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A path to biodiscovery: isolating Antarctic ascidian-associated bacteria and screening genomes for secondary metabolite-encoded biosynthetic gene clusters and signatures of cold adaptation
AdvisorMurray, Alison E
Cell and Molecular Biology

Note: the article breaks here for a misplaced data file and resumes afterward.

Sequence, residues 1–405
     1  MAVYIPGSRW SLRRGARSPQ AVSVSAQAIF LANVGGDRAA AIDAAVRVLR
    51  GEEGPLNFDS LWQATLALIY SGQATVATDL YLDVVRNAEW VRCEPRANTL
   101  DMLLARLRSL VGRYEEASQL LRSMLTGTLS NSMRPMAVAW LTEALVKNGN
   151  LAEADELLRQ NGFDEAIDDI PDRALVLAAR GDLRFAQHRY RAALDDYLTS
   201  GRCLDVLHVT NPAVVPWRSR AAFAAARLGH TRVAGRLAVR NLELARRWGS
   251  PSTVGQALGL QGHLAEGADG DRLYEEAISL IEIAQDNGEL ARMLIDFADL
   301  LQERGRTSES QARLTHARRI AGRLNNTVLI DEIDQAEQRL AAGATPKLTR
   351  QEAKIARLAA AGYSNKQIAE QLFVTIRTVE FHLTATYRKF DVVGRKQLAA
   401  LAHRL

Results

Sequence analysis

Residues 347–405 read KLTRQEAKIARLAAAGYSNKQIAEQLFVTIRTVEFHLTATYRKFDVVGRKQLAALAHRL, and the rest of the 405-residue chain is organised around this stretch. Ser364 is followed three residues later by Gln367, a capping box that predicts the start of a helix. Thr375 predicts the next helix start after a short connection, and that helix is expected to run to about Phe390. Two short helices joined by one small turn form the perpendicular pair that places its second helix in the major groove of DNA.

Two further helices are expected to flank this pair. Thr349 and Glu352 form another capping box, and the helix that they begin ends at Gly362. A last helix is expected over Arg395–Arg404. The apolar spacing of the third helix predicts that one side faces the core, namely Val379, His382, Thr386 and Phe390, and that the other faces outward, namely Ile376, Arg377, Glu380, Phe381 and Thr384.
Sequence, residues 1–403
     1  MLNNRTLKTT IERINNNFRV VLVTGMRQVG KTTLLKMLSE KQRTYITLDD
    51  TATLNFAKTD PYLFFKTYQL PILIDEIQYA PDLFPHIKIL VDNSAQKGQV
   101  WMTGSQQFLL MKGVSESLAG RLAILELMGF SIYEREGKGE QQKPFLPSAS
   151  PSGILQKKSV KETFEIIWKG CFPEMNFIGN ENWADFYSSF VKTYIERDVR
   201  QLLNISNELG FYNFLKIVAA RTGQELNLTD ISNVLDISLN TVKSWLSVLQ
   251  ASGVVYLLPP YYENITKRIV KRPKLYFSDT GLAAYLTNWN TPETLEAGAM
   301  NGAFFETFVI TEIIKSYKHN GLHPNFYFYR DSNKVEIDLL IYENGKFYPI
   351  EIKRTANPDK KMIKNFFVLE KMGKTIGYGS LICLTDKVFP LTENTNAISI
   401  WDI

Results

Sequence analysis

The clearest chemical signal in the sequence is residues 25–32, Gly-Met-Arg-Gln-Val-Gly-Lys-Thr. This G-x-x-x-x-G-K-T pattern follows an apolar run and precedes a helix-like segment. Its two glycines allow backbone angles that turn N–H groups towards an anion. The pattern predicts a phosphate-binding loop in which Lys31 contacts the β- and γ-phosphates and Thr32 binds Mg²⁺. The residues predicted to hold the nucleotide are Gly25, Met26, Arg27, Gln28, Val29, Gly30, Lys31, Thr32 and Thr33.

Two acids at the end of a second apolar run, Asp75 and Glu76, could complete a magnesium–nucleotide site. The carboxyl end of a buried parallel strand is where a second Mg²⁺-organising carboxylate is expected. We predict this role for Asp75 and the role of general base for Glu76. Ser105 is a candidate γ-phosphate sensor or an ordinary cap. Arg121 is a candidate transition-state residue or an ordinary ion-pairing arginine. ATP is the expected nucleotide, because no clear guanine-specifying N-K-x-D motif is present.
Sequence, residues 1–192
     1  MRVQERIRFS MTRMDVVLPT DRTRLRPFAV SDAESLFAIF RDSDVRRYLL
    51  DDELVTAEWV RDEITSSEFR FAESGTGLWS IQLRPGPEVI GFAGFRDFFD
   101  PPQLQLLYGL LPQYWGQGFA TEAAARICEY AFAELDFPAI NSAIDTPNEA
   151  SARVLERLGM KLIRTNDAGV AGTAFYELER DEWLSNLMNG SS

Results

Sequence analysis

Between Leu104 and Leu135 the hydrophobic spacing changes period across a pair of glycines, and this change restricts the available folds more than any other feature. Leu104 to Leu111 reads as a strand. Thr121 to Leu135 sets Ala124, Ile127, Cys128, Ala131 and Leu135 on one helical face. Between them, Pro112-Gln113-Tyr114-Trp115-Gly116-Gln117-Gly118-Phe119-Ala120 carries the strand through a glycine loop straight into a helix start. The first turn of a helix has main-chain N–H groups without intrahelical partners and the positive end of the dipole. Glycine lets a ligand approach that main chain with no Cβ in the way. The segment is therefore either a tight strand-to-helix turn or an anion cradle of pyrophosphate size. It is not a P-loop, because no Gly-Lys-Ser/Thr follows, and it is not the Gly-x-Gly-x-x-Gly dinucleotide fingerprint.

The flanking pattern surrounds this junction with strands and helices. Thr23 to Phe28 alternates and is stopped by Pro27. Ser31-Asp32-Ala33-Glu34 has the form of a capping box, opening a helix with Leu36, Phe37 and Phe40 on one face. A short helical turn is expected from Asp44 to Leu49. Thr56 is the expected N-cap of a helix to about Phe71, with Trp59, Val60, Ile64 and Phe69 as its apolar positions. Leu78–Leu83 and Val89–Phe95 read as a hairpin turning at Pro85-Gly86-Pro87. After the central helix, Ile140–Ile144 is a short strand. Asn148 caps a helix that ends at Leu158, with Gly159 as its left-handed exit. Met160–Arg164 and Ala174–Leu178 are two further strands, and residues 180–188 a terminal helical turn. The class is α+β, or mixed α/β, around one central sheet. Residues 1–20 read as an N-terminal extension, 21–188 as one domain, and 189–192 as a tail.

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Natural products synthesized by host-associated microbes from polar regions pose tremendous potential for addressing human health challenges. One prominent example is the ascidian Synoicum adareanum, found on the seafloor of coastal regions of Antarctica, of interest in part due to one compound, palmerolide A. Palmerolide A is a cytotoxic macrolide with specific activity towards cancer cells which occurs in high concentration in its tissues. It has since been determined that one core bacterial member of the moderately diverse Synoicum adareanum microbiome is responsible for the biosynthesis of palmerolide A. This finding reinforces the significance of investigating natural product potential in host-associated microbes from high-latitude ecosystems. One goal of the Synoicum adareanum research program is establishing a sustainable biological source of palmerolide A either through cultivation or bioengineering solutions. Secondly, exploring the microbiome for additional cold-water biosynthesized natural products is of interest given recent metagenome results that suggest substantial natural product biosynthetic potential. To advance this research requires investigating cultivation strategies for the Verrucomicrobia-affiliated palmerolide A producer, establishing a more comprehensive understanding of the biosynthetic potential of other microbes in the Synoicum adareanum microbiome, and ascertaining the cold-adaptive characteristics of the genome and encoded proteome evolution of host-associated high latitude marine microorganisms. Here, we implemented a minimal media cultivation and dereplication strategy to isolate bacteria, rapidly screen for palmerolide A-encoding biosynthetic gene clusters using PCR and determine the identity of the novel isolates with long read 16S rRNA phylogenetic analyses. This work added phylogenetic breadth to previously cultivated bacterial classes Gammaproteobacteria and Alphaproteobacteria from the Synoicum adareanum microbiome, to now include Bacilli, Acidimicrobiia, Actinobacteria and Bacteroidia. Through sequencing representative genomes of 22 isolates, 135 biosynthetic gene cluster types across eight compound categories were identified within this expanded culture collection using bioinformatic approaches. Comparative genomic analyses between orthologous proteins predicted between our high-latitude, Antarctic isolates and representative low/mid latitude marine microorganisms of the same genera revealed signatures of cold adaptation in the Antarctic genomes. We found an overall decrease in proline residues that form rigid kinks in protein sequences. Likewise, charged amino acids and arginine/(arginine+lysine) content, which form protein-stabilizing salt bridges believed to hinder protein function at low temperatures were reduced. The predicted Antarctic proteins also followed the established trend of increased glycine and serine content in cold adapted proteins, understood to increase protein dynamics in cold through their small size and reduced ionic charge. Interestingly, significant numbers of coding sequences with lower GC content were found in the Antarctic genomes even if genome-wide GC contents were similar, or even higher, for the Antarctic organism. Also surprising, more predicted proteins with higher intrinsic disorder were observed in the low/mid latitude genomes, perhaps indicative of a possible environmental temperature threshold for disorder which balances protein function and cold denaturation resistance. These cultivation, phylogenomic and bioinformatic results provide a deeper view into this Antarctic marine ascidian, the diversity and potential for secondary metabolite production within its microbial community, and trends observed in protein and genome sequences of cold adapted organisms.